EXCLUSIVE: £3.5m given in ‘exceptional grants’ to academy trusts in 2017/18

Janet Downs's picture
 1

£3,559,097 was given out by the Department for Education in ‘exceptional grants’ to stabilise finances in the financial year 2017/18, recently published data reveals*.

Ten academy trusts received bail outs: six UTCs and four schools.  Details for the schools are below.  UTC figures will appear separately.

£773k was given to Plumberow Primary Academy, Hockley, a large primary run by AET since 2011.  AET’s Financial Notice to Improve (FNtI) issued in October 2014 was lifted in July 2017.  At the time of writing, accounts for year ending 31 August 2018 were not at Companies House nor on AETs website.  I am unable, therefore, to discover the reason for this large bail out.

£746k went to The Kingsway Academy, Wirral, an academy sponsored by Northern Schools Trust (NST) in February 2015.  Two-and-a-half years later, NST had DfE approval to close Kingsway.    

NST Accounts (year ending 31 August 2018) said ‘unsustainable’ PFI costs, over supply of secondary places locally and falling pupil numbers contributed to the decision.

Kingsway Academy closed 31 August 2018.  The total outstanding PFI debt of £21m will likely revert to Wirral Council. 

The exceptional grant for The Ridings Federation Winterbourne International Academy, Bristol, was £525,980.  Winterbourne was taken over by The Olympus Trust in February 2018 and renamed Winterbourne Academy.  Transfer fees paid by the Education and Skills Funding Agency (ESFA) were £80k.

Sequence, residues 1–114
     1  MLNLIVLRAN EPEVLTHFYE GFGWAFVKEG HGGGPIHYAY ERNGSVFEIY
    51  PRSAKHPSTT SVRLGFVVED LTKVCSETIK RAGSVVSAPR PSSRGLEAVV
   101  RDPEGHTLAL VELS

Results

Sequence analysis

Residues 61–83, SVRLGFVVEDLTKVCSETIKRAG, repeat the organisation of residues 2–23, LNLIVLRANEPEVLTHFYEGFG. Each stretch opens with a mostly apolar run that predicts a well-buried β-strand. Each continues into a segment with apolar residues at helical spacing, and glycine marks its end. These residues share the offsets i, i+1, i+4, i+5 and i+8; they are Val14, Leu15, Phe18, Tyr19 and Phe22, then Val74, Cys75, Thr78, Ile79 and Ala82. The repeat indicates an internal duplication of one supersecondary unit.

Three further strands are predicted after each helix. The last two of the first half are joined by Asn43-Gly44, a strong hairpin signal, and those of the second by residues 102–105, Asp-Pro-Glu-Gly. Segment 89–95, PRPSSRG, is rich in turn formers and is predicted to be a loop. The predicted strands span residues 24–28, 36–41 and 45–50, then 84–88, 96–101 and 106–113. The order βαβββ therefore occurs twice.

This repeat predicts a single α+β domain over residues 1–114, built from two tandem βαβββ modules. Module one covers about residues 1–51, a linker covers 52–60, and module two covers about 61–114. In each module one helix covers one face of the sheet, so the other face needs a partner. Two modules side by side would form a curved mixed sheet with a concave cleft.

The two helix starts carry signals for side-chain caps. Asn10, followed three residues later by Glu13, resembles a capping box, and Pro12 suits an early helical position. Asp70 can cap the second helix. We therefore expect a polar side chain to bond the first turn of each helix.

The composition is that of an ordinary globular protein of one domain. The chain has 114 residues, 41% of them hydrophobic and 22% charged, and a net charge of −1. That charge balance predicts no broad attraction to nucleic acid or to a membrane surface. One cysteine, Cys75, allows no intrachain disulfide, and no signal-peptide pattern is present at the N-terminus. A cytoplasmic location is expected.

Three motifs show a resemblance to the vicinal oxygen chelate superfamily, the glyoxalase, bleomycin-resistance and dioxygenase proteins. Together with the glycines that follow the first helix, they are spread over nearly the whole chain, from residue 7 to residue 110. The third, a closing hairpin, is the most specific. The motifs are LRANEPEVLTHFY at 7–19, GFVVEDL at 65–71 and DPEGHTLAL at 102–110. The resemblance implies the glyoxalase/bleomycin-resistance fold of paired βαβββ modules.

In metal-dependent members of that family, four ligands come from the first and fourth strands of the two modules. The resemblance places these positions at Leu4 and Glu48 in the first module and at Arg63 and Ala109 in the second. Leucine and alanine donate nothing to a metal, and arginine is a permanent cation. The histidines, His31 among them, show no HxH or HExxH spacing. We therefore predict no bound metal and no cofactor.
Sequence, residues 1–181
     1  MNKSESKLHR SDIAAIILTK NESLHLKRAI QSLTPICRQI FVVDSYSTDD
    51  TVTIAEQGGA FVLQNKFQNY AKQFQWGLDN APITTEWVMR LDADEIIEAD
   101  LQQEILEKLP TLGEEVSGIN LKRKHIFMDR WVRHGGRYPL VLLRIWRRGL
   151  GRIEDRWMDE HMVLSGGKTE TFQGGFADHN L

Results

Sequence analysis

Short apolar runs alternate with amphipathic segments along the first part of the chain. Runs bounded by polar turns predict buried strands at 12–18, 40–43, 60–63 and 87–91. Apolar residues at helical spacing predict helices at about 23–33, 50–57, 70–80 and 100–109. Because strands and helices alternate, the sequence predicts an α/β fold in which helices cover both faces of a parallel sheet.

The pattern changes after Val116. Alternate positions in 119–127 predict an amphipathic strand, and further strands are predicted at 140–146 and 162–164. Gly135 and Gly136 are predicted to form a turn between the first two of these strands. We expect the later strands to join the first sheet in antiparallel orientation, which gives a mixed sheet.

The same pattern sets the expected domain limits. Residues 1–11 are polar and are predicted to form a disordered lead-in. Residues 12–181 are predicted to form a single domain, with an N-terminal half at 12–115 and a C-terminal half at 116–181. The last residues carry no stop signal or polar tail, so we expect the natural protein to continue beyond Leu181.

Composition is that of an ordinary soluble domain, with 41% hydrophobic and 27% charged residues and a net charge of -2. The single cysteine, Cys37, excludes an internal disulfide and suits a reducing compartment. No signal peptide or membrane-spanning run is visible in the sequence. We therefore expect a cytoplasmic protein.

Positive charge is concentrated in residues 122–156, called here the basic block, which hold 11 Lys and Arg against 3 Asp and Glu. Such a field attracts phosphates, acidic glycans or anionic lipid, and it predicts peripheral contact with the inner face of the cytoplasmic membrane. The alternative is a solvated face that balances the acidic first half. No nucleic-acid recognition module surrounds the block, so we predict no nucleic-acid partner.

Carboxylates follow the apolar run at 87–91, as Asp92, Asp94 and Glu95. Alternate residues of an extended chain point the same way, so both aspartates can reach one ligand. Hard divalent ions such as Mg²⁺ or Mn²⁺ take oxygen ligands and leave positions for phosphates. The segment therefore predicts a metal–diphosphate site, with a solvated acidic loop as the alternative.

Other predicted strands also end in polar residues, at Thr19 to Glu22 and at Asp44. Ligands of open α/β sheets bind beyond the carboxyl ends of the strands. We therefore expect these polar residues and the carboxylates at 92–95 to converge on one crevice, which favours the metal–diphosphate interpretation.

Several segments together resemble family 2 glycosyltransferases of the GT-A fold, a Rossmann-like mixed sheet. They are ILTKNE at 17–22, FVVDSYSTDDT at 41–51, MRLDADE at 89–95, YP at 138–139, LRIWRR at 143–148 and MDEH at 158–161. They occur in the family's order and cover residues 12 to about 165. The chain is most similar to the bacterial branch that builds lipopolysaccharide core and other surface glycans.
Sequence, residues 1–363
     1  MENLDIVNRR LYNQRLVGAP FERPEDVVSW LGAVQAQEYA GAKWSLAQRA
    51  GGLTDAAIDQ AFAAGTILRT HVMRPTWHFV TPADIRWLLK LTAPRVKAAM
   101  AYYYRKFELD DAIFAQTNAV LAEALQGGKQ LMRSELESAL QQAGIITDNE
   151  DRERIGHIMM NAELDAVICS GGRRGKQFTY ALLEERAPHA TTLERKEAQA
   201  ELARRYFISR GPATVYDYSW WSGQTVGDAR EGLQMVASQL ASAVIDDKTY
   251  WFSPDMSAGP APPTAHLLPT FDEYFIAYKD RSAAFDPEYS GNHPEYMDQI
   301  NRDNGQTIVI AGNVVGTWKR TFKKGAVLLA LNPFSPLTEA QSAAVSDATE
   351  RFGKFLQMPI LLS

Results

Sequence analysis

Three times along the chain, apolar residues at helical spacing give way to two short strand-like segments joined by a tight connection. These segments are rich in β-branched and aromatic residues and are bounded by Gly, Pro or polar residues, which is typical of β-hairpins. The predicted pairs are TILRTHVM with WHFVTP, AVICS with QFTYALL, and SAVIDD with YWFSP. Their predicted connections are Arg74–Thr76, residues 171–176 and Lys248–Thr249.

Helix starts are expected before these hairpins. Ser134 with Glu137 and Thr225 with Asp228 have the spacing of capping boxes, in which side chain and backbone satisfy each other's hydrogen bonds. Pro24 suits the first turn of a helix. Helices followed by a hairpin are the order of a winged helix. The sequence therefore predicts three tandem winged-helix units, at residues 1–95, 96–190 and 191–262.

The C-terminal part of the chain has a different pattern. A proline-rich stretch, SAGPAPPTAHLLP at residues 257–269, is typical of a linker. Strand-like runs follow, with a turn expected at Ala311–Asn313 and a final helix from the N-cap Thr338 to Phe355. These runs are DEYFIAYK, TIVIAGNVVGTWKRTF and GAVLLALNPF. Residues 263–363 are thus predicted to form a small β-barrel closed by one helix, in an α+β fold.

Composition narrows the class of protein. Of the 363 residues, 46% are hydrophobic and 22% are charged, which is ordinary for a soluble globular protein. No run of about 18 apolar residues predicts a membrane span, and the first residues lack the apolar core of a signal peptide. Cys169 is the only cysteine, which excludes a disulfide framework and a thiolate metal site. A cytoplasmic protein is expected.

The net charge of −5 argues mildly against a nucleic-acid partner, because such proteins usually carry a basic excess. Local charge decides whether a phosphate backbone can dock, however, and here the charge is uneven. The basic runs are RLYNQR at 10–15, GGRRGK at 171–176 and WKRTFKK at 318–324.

The Ridings Federation of Academies, which previously ran Winterbourne, was issued with a FNtI in November 2016.  This was lifted in February 2018 because conditions had been met.  It’s unclear whether the half-a-million grant was given before or after the lifting of the FNtI.  The Federation’s accounts (year ending 31 August 2017) said a ‘temporary loan’ from ESFA ‘to assist cashflow’ had been repaid.

The Ridings Federation was dissolved in December 2018.

Atlantic Academy Portland, formerly Isle of Portland Community Academy (IPACA), received £518,326.09.  This Is in addition to the £218k grant awarded to IPACA in 2016/17.    IPACA transferred to Aspirations Academies Trust (AAT) on 1 September 2017. Rebrokerage was £150k.   

It’s not known whether the £518k went to the IPACA trust or AAT.  The transfer date of September 2017 comes in the middle of the financial year when emergency funding was given.  At the time of writing, AAT accounts for year ending 31 August 2018 are not at Companies House nor on AAT’s website.

IPACA’s last accounts (year ending 31 August 2017) record a deficit of £1.099m.  It was subject to an FNtI before transfer.  This was closed when AAT took over.  The Independent Reporting Accountant’s Report on Regularity said IPACA accounts included unexplained ‘adjustments’.  The ‘management accounts did not reflect an accurate financial position’.   This meant the Interim Academy Board set up in August 2016 was ‘making decisions on inaccurate financial information’.

IPACA dissolved on 6 November 2018.  It’s unlikely we will ever know what these unexplained adjustments were.

 

 

 

*See here.   The DfE initially refused my request for details of exceptional grants in financial year 2017/18.   This was released on 21 January:  sufficient time had passed since grants were given and trust accounts for academic year 2017/18 should have been published.  Unfortunately, the data appeared under my FoI request for grants given in 2016/17. 

All accounts are either from Companies House or on trust websites.

 

CORRECTION 24 January 2019: Typo corrected

Share on Twitter Share on Facebook
Category: 

Be notified by email of each new post.





Comments

Jane Eades's picture
Wed, 23/01/2019 - 22:27

Yet more examples of the instability of the academies programme and the money being wasted in supporting it.  I wonder what the cost to the parents is as uniforms change, let along the money being spent on writing off debts and bribing trusts to take on those schools which have become orphans.


Add new comment

Already a member? Click here to log in before you comment. Or register with us.